Texas’s natural beauty and resources are a source of great pride for its citizens, sportsmen, ranchers and farmers. So, from the early stages of the planning process we’ve been working with key agencies to ensure the Gray Oak pipeline project complies with all applicable regulations and laws, including the Clean Water Act, Endangered Species Act, National Historic Preservation Act and others. To make this happen we are working closely with the U.S. Army Corps of Engineers, U.S. Fish and Wildlife Service, Texas Railroad Commission, Texas Parks and Wildlife Department, Texas Historical Commission Division of Historic Preservation and Texas Commission on Environmental Quality.
The planned route was carefully chosen to meet several criteria to minimize the impact on the environment, wildlife and cultural resources, including the use of existing pipeline routes and the avoidance of sensitive areas. To reduce potential environmental impacts, the project will also follow existing pipeline corridors to the maximum extent possible. Additionally, qualified biologists conducted surveys to identify any potential suitable habitats of threatened or endangered species so that these areas can be avoided, or impacts minimized. Some of these measures include avoiding habitat through the Horizontal Directional Drill (HDD) method, re-routes, and narrowed construction corridors.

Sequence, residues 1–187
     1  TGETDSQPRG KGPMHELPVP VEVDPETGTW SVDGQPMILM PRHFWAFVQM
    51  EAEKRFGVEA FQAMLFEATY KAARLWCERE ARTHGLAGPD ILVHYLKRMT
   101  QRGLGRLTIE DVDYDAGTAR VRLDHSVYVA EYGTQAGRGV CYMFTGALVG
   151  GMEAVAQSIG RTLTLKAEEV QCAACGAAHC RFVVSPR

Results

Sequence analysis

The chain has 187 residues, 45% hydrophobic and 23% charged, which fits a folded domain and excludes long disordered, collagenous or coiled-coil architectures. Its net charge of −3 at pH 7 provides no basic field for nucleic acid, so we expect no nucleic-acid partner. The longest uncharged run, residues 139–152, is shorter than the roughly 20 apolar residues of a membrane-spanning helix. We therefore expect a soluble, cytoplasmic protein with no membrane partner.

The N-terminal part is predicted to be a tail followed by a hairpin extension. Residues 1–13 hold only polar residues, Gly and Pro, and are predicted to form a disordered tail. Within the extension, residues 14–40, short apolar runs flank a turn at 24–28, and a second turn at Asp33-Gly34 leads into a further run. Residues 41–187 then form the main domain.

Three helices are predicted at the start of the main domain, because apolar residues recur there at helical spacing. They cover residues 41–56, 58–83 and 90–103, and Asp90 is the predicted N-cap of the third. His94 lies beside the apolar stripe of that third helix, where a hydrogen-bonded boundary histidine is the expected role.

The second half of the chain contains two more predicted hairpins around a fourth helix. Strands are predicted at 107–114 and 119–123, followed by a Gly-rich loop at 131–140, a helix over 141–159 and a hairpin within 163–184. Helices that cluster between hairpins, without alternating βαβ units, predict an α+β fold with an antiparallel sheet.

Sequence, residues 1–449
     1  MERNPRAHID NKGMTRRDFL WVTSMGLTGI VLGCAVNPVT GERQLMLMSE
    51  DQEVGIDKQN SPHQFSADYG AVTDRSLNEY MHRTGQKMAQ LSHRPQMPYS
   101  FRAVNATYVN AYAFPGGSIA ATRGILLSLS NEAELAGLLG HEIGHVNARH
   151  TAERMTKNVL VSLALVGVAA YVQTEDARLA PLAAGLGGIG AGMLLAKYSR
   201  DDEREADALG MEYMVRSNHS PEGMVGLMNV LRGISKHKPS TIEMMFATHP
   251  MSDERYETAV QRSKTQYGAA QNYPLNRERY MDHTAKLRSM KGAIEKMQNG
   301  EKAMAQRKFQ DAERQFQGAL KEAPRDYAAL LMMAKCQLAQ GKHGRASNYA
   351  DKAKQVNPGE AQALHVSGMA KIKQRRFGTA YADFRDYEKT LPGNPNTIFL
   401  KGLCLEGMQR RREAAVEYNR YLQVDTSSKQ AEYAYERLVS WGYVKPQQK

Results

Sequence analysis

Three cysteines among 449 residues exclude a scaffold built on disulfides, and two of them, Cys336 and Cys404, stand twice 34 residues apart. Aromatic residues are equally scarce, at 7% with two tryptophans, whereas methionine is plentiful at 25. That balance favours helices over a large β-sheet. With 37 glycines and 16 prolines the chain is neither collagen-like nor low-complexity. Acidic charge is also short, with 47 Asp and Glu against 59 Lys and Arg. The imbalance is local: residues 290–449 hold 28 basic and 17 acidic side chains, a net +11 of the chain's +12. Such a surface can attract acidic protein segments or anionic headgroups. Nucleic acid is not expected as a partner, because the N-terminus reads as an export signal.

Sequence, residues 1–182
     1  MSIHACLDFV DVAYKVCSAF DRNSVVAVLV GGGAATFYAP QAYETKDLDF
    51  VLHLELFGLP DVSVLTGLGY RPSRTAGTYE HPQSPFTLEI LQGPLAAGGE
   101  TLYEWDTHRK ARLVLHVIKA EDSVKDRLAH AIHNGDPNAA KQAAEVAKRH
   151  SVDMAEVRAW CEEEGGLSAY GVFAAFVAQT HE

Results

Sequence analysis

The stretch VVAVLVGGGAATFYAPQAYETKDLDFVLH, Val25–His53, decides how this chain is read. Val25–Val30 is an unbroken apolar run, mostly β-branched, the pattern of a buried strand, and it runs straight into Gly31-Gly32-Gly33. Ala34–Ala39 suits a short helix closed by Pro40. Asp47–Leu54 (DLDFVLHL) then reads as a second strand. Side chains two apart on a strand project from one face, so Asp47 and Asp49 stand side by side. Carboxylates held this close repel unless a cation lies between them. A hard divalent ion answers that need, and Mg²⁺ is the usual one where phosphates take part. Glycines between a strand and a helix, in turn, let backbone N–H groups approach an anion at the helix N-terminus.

Construction methods will be evaluated and selected based on site conditions to further reduce potential impacts. Construction and operation of the project will be in accordance with all applicable federal, state and local regulatory requirements and guidelines. After construction, it is our responsibility to restore the land we disturbed. This includes restoring the land’s original contours and native vegetation.
The Gray Oak Pipeline will be a new, 850-mile-long pipeline transporting crude oil from the West Texas Permian Basin to destinations in the Corpus Christi, Sweeny and Freeport markets.
The Gray Oak Pipeline is being constructed to support the continued growth of the Texas energy industry, responding to market demand for transportation infrastructure to market centers on the U.S. Gulf Coast.
Gray Oak will pass through the following counties:
|1. Reeves||8. Crockett||15. Frio||22.Karnes|
|2. Loving||9. Schleicher||16. La Salle||23. Goliad|
|3. Winkler||10. Sutton||17. McMullen||24. Victoria|
|4. Ward||11. Edwards||18. Live Oak||25. Jackson|
|5. Crane||12. Kinney||19. San Patricio||26. Wharton|
|6. Upton||13. Maverick||20. Nueces||27. Matagorda|
|7. Reagan||14. Zavala||21. Bee||28. Brazoria|